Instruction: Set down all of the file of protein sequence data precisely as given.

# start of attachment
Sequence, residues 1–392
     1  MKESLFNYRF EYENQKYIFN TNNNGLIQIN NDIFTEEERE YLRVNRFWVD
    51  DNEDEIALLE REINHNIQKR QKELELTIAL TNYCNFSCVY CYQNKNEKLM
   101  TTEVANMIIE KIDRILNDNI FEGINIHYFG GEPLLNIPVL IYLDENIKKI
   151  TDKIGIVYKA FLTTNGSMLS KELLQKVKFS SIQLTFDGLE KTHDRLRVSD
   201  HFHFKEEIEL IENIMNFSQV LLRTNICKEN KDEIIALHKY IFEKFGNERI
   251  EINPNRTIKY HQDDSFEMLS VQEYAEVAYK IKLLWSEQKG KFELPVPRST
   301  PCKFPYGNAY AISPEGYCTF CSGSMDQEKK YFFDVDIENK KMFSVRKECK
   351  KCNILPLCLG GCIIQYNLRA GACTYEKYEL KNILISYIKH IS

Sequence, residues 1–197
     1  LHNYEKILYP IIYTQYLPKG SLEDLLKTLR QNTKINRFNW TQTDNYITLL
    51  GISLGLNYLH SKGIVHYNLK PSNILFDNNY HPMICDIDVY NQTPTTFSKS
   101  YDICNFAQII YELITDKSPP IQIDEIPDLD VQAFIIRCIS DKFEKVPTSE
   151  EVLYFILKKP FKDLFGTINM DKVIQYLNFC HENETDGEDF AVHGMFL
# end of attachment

Sequence, residues 1–392
     1  MKESLFNYRF EYENQKYIFN TNNNGLIQIN NDIFTEEERE YLRVNRFWVD
    51  DNEDEIALLE REINHNIQKR QKELELTIAL TNYCNFSCVY CYQNKNEKLM
   101  TTEVANMIIE KIDRILNDNI FEGINIHYFG GEPLLNIPVL IYLDENIKKI
   151  TDKIGIVYKA FLTTNGSMLS KELLQKVKFS SIQLTFDGLE KTHDRLRVSD
   201  HFHFKEEIEL IENIMNFSQV LLRTNICKEN KDEIIALHKY IFEKFGNERI
   251  EINPNRTIKY HQDDSFEMLS VQEYAEVAYK IKLLWSEQKG KFELPVPRST
   301  PCKFPYGNAY AISPEGYCTF CSGSMDQEKK YFFDVDIENK KMFSVRKECK
   351  KCNILPLCLG GCIIQYNLRA GACTYEKYEL KNILISYIKH IS

Sequence, residues 1–197
     1  LHNYEKILYP IIYTQYLPKG SLEDLLKTLR QNTKINRFNW TQTDNYITLL
    51  GISLGLNYLH SKGIVHYNLK PSNILFDNNY HPMICDIDVY NQTPTTFSKS
   101  YDICNFAQII YELITDKSPP IQIDEIPDLD VQAFIIRCIS DKFEKVPTSE
   151  EVLYFILKKP FKDLFGTINM DKVIQYLNFC HENETDGEDF AVHGMFL